Land-use analysis quantifies striking differences in two states’ approach to growth

Portland, Oregon – If Portland’s Metro region had grown like Clark County in the 1990s, development would have overtaken an additional 14 square miles of farmland and open space. That’s one finding of an analysis released today by Seattle-based research center Sightline Institute (formerly Northwest Environment Watch) . Titled “Sprawl and Smart Growth in Metropolitan Portland,” it finds that while greater Portland’s three Oregon counties “grew smarter,” encouraging compact, efficient communities, neighboring Clark County sprawled—and lost more rural land and open space per new resident, as a result.

“Few areas in North America provide such a stark illustration of different approaches to planning,” says Sightline research director Clark Williams-Derry, who will be presenting the research to Portland’s Metro Council today. “And with a measure on Oregon’s May 21 primary ballot designed to weaken Portland’s growth management—making it more like Clark County’s—the comparison is especially interesting.”

The study used satellite imagery of open space, farmland, and pavement, plus digital mapping of US Census data to track growth during the 1990s, in Multnomah, Washington, and Clackamas Counties, Oregon, and in Clark County, Washington. (See maps at Findings include:

  • In the 1990s, greater Portland’s total population grew at a faster pace than many developing-world megacities, such as Cairo, Egypt, and Jakarta, Indonesia.
  • In the Oregon counties, total population increased by 270,000, and the number of people living in compact, transit-oriented neighborhoods (defined as 12 or more people per acre) increased by 141,000. By 2000, 28 percent of residents in the three-county region lived in compact neighborhoods.
  • In contrast, Clark County sprawled, Seattle-style. The population grew by 106,000, and the number of residents of low-density, car-dependent areas (defined as less than 12 people per acre) increased by 78,000. By 2000, only 13 percent of Clark County’s residents lived in compact communities.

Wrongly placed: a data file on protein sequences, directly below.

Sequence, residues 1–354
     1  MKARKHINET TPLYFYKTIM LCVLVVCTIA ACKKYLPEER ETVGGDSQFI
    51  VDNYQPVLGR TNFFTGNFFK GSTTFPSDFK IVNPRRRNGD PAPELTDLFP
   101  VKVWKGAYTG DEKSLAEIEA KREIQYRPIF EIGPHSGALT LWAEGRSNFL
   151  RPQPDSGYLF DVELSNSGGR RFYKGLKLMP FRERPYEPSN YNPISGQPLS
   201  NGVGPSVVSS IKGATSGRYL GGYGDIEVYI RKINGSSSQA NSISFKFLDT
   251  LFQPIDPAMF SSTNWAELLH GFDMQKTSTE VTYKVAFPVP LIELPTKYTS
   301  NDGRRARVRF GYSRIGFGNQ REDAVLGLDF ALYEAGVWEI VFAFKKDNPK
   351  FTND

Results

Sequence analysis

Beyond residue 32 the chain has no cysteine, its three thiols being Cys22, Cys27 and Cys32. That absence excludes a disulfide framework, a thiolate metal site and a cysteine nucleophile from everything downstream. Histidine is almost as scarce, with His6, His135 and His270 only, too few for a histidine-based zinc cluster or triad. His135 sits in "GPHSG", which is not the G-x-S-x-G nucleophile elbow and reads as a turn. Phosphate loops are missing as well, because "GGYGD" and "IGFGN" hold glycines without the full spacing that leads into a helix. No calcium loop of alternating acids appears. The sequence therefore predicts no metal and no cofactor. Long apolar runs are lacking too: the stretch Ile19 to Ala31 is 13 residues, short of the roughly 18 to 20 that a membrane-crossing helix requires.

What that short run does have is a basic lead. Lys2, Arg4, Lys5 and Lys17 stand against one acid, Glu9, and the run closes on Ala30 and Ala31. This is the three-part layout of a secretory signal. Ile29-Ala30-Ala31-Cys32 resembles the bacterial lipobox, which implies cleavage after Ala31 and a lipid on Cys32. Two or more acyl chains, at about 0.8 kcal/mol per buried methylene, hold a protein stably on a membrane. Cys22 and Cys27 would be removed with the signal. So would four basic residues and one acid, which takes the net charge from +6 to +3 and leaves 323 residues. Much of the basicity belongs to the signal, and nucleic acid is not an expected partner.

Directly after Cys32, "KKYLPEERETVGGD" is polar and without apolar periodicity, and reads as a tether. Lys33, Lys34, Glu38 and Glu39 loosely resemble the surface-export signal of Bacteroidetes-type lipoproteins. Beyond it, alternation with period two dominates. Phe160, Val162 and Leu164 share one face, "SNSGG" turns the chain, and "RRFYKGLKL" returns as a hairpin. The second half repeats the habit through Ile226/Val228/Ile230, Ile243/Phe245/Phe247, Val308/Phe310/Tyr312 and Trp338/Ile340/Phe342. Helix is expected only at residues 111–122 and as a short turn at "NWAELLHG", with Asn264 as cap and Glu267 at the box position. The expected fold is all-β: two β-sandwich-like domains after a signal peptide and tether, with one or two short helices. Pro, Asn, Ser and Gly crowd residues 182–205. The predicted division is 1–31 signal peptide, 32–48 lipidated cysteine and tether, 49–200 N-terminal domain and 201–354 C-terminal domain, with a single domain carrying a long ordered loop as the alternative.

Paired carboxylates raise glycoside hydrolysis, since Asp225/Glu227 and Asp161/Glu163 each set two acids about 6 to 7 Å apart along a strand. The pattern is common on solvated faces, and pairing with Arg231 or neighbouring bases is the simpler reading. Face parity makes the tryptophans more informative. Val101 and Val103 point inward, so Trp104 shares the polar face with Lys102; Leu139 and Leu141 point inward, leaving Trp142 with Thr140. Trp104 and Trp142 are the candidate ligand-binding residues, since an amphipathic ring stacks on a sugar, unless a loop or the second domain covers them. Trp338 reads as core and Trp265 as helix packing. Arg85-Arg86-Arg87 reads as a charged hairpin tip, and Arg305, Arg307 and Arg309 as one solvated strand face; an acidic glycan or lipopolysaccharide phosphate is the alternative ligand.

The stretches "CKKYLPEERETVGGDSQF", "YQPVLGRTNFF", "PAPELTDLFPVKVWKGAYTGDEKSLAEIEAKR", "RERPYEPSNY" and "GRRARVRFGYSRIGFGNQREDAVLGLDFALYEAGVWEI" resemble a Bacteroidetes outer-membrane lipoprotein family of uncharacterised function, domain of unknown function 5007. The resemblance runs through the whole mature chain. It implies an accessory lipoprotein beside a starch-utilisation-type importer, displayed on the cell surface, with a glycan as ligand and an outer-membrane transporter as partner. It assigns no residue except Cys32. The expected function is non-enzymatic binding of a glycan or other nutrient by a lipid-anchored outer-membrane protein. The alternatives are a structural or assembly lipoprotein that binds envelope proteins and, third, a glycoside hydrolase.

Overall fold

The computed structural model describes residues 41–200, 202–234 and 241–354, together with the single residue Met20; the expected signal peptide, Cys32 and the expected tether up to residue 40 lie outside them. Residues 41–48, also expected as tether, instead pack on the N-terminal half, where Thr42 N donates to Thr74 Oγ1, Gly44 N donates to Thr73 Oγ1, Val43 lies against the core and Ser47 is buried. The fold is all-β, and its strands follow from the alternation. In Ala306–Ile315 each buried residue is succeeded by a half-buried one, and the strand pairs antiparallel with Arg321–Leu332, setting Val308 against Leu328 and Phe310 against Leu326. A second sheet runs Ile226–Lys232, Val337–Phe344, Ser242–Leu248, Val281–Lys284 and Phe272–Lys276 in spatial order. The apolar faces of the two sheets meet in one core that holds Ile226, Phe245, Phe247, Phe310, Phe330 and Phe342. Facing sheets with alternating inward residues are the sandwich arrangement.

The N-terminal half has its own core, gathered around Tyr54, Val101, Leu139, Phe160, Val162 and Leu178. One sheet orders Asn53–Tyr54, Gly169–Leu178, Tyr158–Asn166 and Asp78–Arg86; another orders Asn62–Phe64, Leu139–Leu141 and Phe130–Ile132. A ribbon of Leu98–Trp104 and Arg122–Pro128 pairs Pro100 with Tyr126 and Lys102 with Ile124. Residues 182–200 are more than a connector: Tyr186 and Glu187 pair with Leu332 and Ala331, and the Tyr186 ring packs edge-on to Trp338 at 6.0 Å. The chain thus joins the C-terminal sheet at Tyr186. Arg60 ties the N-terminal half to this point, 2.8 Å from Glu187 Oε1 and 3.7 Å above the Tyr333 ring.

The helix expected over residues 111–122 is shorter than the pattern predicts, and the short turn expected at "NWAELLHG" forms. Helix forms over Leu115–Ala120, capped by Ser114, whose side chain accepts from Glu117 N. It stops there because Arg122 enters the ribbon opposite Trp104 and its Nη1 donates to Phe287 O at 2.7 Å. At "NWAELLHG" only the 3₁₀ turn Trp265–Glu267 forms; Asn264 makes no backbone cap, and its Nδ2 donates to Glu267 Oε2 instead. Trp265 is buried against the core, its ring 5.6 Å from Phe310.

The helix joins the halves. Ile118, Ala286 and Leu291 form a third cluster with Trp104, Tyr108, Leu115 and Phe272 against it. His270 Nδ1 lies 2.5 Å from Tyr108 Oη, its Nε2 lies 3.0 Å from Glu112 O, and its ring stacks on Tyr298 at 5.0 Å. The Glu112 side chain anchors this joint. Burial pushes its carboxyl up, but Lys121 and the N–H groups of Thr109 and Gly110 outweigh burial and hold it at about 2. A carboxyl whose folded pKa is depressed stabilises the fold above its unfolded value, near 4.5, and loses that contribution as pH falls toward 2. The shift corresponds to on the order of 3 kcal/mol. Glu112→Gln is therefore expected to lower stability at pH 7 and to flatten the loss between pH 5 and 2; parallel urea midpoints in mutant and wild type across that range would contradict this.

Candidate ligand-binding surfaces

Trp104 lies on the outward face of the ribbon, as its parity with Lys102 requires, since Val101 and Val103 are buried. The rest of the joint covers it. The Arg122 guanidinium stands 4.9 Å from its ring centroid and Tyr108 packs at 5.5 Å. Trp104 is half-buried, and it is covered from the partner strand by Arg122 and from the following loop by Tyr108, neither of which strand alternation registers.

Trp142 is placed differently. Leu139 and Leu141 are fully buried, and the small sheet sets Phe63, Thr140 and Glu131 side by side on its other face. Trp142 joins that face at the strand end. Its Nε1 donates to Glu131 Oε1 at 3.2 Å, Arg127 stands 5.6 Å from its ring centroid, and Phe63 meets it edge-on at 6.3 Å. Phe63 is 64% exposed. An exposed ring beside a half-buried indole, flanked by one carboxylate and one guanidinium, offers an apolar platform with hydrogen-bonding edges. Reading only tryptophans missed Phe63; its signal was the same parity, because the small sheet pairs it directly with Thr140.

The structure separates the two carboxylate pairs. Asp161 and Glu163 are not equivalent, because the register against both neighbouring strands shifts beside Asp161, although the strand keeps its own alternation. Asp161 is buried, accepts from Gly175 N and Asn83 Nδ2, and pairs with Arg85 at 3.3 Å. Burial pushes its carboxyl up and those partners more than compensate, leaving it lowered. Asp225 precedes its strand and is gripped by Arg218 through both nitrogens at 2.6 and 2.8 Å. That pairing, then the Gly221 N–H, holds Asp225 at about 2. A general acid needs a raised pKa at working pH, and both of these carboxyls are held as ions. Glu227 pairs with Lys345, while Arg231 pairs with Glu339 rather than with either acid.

• Per capita, Clark County converted about 40 percent more land from rural to suburban population densities than did the Oregon counties. If the Oregon counties had grown in a pattern similar to that of Clark County, suburban development would have overtaken an extra 14 square miles of farmland and open space.
  • Person for person, Clark County’s sprawling residential development fully or partially covers 23 percent more land with pavement, rooftops, and other human-made “impervious” surfaces—which are harmful to streams and salmon—than Oregon’s more compact residential neighborhoods.

Sightline’s analysis also looked at the relationship between traffic congestion and density, and found that although population growth increases traffic congestion, neighborhood density has less effect than total metropolitan population. “In fact,” says Williams-Derry, “compact urban designs may slightly decrease the number of hours we lose to traffic jams.”

Clark Williams-Derry and Sightline executive director Alan Durning will present “Sprawl and Smart Growth in Metropolitan Portland” to Portland’s Metro Council on Thursday, May 9, at 2 pm. Sightline Institute (formerly Northwest Environment Watch) is a Seattle-based nonprofit research and communication center. A full copy of the report and maps is available at

May 10, 2002